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RBI sticks to its mandate to curb inflation by keeping rates unchanged


Mumbai, Feb 8 (ANI): Reserve Bank of India (RBI) Governor Shaktikanta Das addresses a press conference on monetary policy, in Mumbai on Thursday. (ANI Photo)
| Photo Credit: ANI

Manish Kothari

The Reserve Bank of India (RBI) has stuck to its playbook and has maintained status quo on the key policy rates and retained its stance of withdrawal of accommodation–which is consistent with its stated view of retaining sharp focus in aligning inflation to the target (of 4%) on a durable basis, while balancing economic growth and financial stability. The Governor re-emphasised this sufficiently when he said that only stable and low inflation at 4% will provide the necessary bedrock for sustainable and long-term economic growth.

The Monetary Policy Committee (MPC) maintained its stance and policy rates unchanged, aligning with the stated objective of the government–to curb inflation. A similar thought was articulated by U.S. Federal Reserve Chair Jerome Powell in its recent meeting, at a time when the market was expecting a cut in rates.

Headline inflation, after moderating to 4.9% in October, rose to 5.7% in December 2023. This was primarily due to food inflation, mostly vegetables. RBI has reiterated that its stance of withdrawal of accommodation should be seen in the context of incomplete transmission and inflation which has been above the 4% target.

The softening in core inflation (CPI inflation excluding food and fuel) continued across both goods and services, reflecting the cumulative impact of monetary policy actions as well as significant softening in commodity prices. The uncertainties in food prices, however, continue to impinge on the headline inflation trajectory.

Amidst a globally varied economic landscape, certain factors suggest a potential soft-landing scenario. Inflation is edging closer to the 4% target, and both advanced as well as emerging market economies are exhibiting more resilient growth than initially anticipated.

Robust domestic demand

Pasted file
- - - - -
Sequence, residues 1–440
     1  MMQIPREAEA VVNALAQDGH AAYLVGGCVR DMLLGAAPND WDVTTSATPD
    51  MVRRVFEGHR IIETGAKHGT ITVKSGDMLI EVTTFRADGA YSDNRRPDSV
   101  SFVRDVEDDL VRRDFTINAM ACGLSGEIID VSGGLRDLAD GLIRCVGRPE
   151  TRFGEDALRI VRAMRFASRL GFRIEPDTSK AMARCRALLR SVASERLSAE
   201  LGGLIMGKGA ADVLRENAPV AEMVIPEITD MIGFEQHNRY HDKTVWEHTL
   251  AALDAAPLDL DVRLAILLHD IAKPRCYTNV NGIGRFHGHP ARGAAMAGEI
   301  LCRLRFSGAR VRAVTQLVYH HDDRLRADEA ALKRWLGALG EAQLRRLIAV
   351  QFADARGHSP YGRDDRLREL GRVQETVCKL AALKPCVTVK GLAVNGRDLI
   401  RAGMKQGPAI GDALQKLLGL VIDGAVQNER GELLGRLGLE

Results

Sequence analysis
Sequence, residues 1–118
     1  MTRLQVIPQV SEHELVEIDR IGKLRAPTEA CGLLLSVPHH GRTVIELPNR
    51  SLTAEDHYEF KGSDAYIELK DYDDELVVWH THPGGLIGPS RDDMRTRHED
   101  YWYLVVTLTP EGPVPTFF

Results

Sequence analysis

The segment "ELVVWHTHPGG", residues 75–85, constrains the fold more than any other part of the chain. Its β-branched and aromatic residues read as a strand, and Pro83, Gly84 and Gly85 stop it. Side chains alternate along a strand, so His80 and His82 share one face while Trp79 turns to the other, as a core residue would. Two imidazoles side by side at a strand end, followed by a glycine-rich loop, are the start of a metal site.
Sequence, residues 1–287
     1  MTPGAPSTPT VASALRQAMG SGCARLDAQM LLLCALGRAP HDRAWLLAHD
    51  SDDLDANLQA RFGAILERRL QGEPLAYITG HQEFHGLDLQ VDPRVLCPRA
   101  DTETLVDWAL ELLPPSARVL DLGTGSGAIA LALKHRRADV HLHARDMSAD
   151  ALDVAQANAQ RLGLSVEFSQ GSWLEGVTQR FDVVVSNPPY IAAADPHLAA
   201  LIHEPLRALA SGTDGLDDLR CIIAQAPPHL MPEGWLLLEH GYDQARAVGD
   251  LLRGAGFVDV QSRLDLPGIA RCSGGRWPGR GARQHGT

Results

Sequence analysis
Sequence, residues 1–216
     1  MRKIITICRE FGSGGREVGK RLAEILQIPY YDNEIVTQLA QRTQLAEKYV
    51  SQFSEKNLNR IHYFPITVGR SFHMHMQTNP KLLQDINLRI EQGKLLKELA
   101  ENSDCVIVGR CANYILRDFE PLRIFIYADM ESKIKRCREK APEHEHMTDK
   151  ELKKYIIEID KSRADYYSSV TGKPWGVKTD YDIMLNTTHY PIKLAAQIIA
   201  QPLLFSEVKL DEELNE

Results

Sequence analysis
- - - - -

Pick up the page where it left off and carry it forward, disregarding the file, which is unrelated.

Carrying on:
Domestic economic activity remains strong with real GDP growth at 7.3% for 2023-24, making it a third consecutive year of 7% plus growth. Industrial activity is gaining steam on the back of improving performance of manufacturing. The investment cycle is gathering momentum, supported by continued government capital expenditure, growing capacity utilization, increased flow of resources to the commercial sector, and policy backing from initiatives like the production-linked incentive (PLI) scheme. In this context, the Governor has projected an expected GDP growth of 7% for 2024-25.

When we look at some of the early corporates’ earnings in the manufacturing sector, there seems to be growth driven by higher profit margins. The Purchasing Managers’ Index (PMI) for manufacturing indicates expansion, accompanied by a strengthening future activity index indicating the same. Improved employment conditions and easing inflation, alongside resurgence in agricultural output, are expected to bolster household consumption on the demand side. Rural demand remains on an upward trajectory. Urban consumption remains strong on the back of improved income levels.

The services sector is anticipated to maintain its resilience, supported by robust domestic demand and favourable global prospects. January’s (2024) PMI services recorded a notable increase, indicating sustained robust expansion. Furthermore, the strong demand for residential housing, combined with heightened government capital expenditure, is poised to drive growth in the construction sector.

Liquidity management

While the system level liquidity turned into deficit from Sep’23 (after a long gap of 4.5 years), the potential liquidity in the system (adjusted for government cash balances) is still in surplus. Additionally, government spending picking up over the last few weeks has also led to some augmentation of system-level liquidity. Similarly, while long-term rates have remained relatively stable reflecting better anchoring of inflation expectations, monetary transmission remains incomplete in the credit market. Effectively, the Governor said that they believe that “risks are evenly balanced” and the last mile of disinflation being most challenging. And hence their policy stance should be seen in that context.

When it comes to financial stability, RBI has clearly spelt out that good governance, robust risk management, sound compliance culture and protection of customers’ interest are of paramount importance for the safety and stability of the financial system and individual institutions. This indicates that in addition to the healthy balance sheets of banks and financial institutions, the RBI accords highest priorities to compliance and risk management.

The continuation of rising food prices poses a threat to the current disinflation trend, potentially leading to a destabilization of inflation expectations and widespread price pressures. These risks are compounded by emerging geopolitical tensions and supply chain disruptions. In light of these persistent uncertainties, monetary policy is watchful to guide us through the final stages of disinflation effectively. After all, maintaining stable and low inflation at 4% is essential for fostering sustainable economic growth.

(Manish Kothari is President & Head of Commercial Banking, Kotak Mahindra Bank)



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